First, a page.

Because I suffer from chronic illness, chronic pain, and depression, which can be intertwined, I leak energy throughout the day whether I nap or not, whether I get a full night’s sleep or not, whether I “take it easy” or not. My leaks are not quantifiable; they are cumulative. It doesn’t take a “spoon” or two or three to do my daily activities. I am operating in the dark, with no guarantee that the energy I exert is going to be worth it for the next step or the next part of the day.
Here is an example. I was out with my husband and a couple of friends yesterday. I had slept the whole day, with the exception of about two or three hours. When I awoke, I didn’t know how much energy I had in me, but I knew I wasn’t driving the car on “full.” We met at 5:15 p.m. More people, friends of my friends but strangers to me, arrived by 6 p.m. Suddenly and unexpectedly, I had to interact with people differently than the way I had planned. I had to smile more and be more personable. By 6:30 p.m, I was feeling drained and just wanted food. By 7:30 p.m., extreme fatigue hit me and I couldn’t even finish my burger. I had to excuse myself by 8 p.m., and my husband had to drive home because I was too fatigued to do it. When I got home, I felt very tired but was hungry because I hadn’t finished my food. I contemplated heating up leftovers, but I decided instead to fall into bed. I slept for a solid four hours and woke up wide awake and, as usual, in a lot of pain. My new day was just starting.
Now, as you imagine the gas tank, imagine that you don’t have a gas gauge. Pretend you don’t see your gas gauge. So you’re driving around not able to see it and you’re filling up your tank not able to see it. You know that starting up the car takes gasoline, as does driving from point A to point B… so does idling in the car at stop signs, at red lights, in traffic…
I’ll give you another example. Today, I was writing and my blood sugar suddenly dropped. I recognized the signs and was able to get sugar in me, but the effort it took to do this was intense. My body was convulsing, my hands were shaking, I felt a great weakness in my limbs and a heaviness in my body as I was on the verge of passing out. No warning, no exerting activity. Just sitting on the sofa writing one minute and then the feeling of spinning into darkness the next. This was not a “spoon” that I gave away. This was the constant drain of the gas tank, only I hadn’t realized that my fuel was almost at “E.”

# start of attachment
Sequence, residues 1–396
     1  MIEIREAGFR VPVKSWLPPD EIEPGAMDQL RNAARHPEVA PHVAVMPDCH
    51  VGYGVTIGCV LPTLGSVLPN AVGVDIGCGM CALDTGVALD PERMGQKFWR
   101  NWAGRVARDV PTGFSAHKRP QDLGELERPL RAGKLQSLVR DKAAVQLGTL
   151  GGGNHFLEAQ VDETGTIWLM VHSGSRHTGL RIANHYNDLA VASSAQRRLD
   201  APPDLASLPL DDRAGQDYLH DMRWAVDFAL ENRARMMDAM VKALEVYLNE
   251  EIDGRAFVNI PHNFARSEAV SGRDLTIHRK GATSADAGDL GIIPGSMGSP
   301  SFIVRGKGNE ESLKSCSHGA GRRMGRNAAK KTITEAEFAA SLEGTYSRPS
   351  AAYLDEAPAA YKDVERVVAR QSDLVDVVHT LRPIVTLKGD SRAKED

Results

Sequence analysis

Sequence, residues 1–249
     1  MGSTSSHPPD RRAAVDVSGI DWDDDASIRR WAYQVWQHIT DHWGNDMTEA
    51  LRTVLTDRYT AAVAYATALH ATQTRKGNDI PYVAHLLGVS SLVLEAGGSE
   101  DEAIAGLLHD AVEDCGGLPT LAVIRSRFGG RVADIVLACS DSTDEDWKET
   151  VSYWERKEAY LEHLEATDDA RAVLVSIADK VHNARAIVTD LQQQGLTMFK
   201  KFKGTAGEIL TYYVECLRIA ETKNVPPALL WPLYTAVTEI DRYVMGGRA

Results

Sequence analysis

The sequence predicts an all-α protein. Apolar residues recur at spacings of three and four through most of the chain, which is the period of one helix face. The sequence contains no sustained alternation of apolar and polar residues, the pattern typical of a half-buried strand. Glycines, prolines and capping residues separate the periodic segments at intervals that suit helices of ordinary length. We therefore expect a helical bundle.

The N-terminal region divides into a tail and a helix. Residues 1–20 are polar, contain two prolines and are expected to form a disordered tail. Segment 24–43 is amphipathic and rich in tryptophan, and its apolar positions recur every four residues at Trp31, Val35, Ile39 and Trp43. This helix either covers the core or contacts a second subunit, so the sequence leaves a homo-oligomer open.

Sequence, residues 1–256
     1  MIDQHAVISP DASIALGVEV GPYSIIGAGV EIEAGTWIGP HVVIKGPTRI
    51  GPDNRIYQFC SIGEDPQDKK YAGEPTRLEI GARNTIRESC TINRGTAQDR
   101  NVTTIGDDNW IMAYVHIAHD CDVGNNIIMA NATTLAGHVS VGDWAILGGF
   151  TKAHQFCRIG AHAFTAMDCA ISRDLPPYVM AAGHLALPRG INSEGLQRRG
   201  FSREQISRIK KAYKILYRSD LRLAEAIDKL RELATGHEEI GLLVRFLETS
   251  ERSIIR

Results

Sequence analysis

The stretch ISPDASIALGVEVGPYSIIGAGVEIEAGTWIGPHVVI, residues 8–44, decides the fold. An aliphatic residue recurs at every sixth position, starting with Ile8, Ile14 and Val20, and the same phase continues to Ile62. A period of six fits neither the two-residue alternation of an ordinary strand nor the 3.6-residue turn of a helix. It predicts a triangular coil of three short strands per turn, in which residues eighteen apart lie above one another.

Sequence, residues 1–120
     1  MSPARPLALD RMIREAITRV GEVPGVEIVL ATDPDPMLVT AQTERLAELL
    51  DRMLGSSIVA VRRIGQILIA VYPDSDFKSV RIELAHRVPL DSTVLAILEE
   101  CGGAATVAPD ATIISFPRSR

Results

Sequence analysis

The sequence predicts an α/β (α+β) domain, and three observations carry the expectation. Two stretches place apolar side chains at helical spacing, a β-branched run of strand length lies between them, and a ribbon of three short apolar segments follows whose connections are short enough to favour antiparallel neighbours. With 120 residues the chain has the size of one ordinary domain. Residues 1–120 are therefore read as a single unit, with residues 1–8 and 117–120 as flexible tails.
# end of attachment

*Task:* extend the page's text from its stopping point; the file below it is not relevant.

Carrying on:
I think the Spoon Theory has its merits, but I also think it doesn’t address what chronic illness is like with chronic pain — where you’re in a constant state of distress because of the pain — and depression — which can be influenced by the chronic pain and vice versa. I suffer from a multitude of chronic conditions, and using the Spoon Theory gives people the impression that I simply need to rest to replenish my spoons or that if I give up one activity, I’ll have a spoon enough to do another activity. In reality, I am constantly draining energy. The Spoon Theory gives the illusion of predictability, even as it disavows it. My alternative shows that there is no predictability. I listen to my body and she tells me what I can and cannot do from hour to hour, minute to minute. I cannot rest and reset.
Getty photo by David-Prado